1970 Day by Day: Dec. 21

Bowl preview illustration
That First Championship Season
Dec. 21: Little fanfare from Sports Illustrated.

Sports Illustrated’s Dec. 21 issue previewed the bowl games, and the Nebraska-LSU matchup was treated as little more than a sideshow by the U.S. sports world’s most influential voice.

Unlike the Rose and Cotton bowls, the Orange “will not be endowed with major personalities,” SI’s Dan Jenkins wrote. He did acknowledge that upsets in the Rose and Cotton could make the Orange Bowl “the most vital of the day.”

But that was an unlikely scenario, he wrote, closing with this: “The odds sternly indicate that three coaches who rarely lose — Royal, Hayes and Devaney — will find ways to win again.” That would mean a Nebraska victory, but no chance for the Huskers to climb ahead of Woody Hayes’ No. 2 Ohio State Buckeyes and Darrell Royal’s No. 1 Texas Longhorns.

Jimmy “The Greek” Snyder, the news media’s go-to oddsmaker, listed the Huskers as five-point favorites. He had Texas favored by six points over Notre Dame and Ohio State by 11 over Stanford.

Meanwhile, Nebraska’s home attendance average of 67,213 ranked as fourth nationally in figures released Monday. The Big Ten’s Ohio State, Michigan and Purdue occupied the top three spots.



The Orange Bowl would become the most vital of the day if Joe Theismann and Jim Plunkett were to win their games. Then, at nighttime, the growling Nebraska Cornhuskers would find themselves playing for No. 1 against LSU and all of those Tigers who are either called Tommy Casanova or some name you can’t remember.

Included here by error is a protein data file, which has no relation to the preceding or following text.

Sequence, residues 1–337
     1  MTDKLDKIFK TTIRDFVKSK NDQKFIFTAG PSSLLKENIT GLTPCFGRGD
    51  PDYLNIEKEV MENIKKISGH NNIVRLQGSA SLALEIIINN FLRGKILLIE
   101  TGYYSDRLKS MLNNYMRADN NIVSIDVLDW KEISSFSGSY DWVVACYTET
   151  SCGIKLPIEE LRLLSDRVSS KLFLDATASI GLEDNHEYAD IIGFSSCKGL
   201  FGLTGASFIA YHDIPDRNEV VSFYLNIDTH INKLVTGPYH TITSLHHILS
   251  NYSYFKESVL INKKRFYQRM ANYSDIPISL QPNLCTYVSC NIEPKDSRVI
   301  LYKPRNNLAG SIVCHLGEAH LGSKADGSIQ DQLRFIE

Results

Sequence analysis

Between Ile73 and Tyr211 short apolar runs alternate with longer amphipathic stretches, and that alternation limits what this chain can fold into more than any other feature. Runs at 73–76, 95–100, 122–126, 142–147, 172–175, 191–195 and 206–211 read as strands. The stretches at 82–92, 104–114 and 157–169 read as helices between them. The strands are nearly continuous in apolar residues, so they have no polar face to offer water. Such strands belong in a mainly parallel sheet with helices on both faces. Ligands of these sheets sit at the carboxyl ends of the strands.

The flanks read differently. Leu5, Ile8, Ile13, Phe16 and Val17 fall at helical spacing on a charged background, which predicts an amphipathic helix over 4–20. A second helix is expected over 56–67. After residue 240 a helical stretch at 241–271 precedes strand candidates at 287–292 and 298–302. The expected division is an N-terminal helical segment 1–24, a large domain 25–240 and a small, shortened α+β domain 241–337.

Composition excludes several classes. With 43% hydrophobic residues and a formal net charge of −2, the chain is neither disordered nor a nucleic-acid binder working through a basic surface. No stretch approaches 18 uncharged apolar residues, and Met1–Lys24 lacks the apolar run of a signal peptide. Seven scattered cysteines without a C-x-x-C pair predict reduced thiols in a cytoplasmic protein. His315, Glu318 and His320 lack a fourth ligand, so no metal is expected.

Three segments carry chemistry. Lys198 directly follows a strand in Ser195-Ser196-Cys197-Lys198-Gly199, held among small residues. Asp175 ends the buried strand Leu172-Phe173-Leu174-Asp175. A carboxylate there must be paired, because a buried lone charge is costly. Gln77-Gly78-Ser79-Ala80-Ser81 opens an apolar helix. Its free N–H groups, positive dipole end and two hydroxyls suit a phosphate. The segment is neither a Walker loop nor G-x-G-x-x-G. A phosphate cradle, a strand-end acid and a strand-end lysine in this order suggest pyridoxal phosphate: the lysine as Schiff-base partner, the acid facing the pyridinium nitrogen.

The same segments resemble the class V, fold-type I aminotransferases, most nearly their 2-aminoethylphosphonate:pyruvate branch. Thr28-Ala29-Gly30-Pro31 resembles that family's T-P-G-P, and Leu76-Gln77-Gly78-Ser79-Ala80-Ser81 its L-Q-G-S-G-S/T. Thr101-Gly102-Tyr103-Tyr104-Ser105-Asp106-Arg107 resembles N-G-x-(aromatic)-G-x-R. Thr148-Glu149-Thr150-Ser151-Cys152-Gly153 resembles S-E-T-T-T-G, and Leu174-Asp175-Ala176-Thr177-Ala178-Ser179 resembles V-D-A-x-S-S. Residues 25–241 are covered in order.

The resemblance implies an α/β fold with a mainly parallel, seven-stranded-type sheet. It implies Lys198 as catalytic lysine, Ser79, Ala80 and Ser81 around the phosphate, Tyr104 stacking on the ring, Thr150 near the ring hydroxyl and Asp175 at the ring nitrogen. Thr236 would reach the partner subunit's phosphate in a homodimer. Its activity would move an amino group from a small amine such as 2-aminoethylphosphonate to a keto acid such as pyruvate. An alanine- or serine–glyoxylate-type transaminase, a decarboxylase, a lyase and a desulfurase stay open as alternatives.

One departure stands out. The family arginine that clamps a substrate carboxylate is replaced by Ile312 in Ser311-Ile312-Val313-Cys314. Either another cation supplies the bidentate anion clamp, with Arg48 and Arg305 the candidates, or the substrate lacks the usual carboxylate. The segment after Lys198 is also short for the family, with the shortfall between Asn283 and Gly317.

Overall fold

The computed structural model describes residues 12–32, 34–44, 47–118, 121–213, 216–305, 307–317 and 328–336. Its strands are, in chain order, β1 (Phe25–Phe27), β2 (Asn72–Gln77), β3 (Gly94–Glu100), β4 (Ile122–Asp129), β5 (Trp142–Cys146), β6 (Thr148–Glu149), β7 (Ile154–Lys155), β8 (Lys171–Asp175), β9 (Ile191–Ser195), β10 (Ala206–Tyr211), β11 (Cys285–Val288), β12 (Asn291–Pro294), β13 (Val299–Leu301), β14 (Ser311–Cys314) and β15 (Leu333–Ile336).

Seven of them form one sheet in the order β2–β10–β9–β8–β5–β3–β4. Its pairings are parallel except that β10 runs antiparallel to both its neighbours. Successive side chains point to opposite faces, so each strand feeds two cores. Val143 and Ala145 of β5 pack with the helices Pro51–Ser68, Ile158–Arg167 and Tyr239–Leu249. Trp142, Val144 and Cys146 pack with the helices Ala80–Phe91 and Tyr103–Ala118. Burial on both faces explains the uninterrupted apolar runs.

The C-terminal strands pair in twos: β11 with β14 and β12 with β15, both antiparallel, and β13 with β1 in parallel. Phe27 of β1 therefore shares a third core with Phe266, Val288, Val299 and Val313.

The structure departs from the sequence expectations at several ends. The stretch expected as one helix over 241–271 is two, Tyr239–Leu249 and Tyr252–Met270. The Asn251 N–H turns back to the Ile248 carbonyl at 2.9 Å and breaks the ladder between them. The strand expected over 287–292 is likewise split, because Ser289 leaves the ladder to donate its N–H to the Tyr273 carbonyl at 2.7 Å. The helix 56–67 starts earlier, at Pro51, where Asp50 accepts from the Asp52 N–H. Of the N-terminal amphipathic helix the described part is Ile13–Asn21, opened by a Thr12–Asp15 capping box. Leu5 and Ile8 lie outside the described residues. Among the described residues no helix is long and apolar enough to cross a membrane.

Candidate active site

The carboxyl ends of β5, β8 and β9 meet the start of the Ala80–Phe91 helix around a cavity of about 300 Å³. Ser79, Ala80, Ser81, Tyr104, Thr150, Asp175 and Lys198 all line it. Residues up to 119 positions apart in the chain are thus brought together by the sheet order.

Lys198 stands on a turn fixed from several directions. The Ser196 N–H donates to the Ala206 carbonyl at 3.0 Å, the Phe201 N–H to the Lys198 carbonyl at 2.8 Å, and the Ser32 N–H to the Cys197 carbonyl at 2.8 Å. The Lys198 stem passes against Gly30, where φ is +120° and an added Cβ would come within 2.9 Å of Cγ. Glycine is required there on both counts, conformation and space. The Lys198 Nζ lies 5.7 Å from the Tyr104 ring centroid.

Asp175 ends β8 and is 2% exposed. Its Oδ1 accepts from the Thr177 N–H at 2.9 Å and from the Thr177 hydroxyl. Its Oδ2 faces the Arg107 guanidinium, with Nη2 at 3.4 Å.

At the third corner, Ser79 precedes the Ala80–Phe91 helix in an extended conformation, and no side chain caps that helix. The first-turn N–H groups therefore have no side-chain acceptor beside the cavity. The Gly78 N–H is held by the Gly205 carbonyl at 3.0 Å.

Unlike the big games earlier in the day, the Orange Bowl will not be endowed with major personalities. The coaches, Nebraska’s Bob Devaney and LSU’s Charlie McClendon, fall short of the colorful images of the Royals, Hayeses and Parseghians, and the players lack the stature of the Plunketts, Theismanns, Worsters and Tatums.

Both teams are relatively young. Their best performers will be returning next season, notably LSU’s handsome all-round star, Casanova. He can do it all on offense or defense. Either as a runner or a defensive back, depending on the urgency of the moment, Casanova is exceptional, as evidenced by the job he did on Notre Dame’s Tom Gatewood and by the two punts he returned for long touchdowns against Ole Miss.

The pride of LSU is its defense and not just Casanova. The Tigers have a strong front four, led by Ronnie Estay, and a vicious linebacker named Mike Anderson. LSU’s defense might well be its best offense, for that’s where most of the athletes are.

Nebraska has a more polished, dazzling attack, with breakaway runners Joe Orduna and Johnny Rodgers and the dual quarterbacks Jerry Tagge and Van Brownson. Nebraska plunges, reverses and throws, and only Texas outscored Nebraska on the season. But Devaney also has a tough defense, featuring Tackle Dave Walline. Among his claims to fame is that he put Missouri’s Joe Moore out for the season. Nebraska has as much muscle and more imagination than LSU, probably enough to win, unless the Cornhuskers get careless around Tommy Casanova.

Like Theismann in Dallas and Plunkett in Pasadena, Casanova is the one player in Miami who figures to make the difference in a close game and who could make it a day of upsets all around.

But the odds sternly indicate that three coaches who rarely lose — Royal, Hayes and Devaney — will find ways to win again.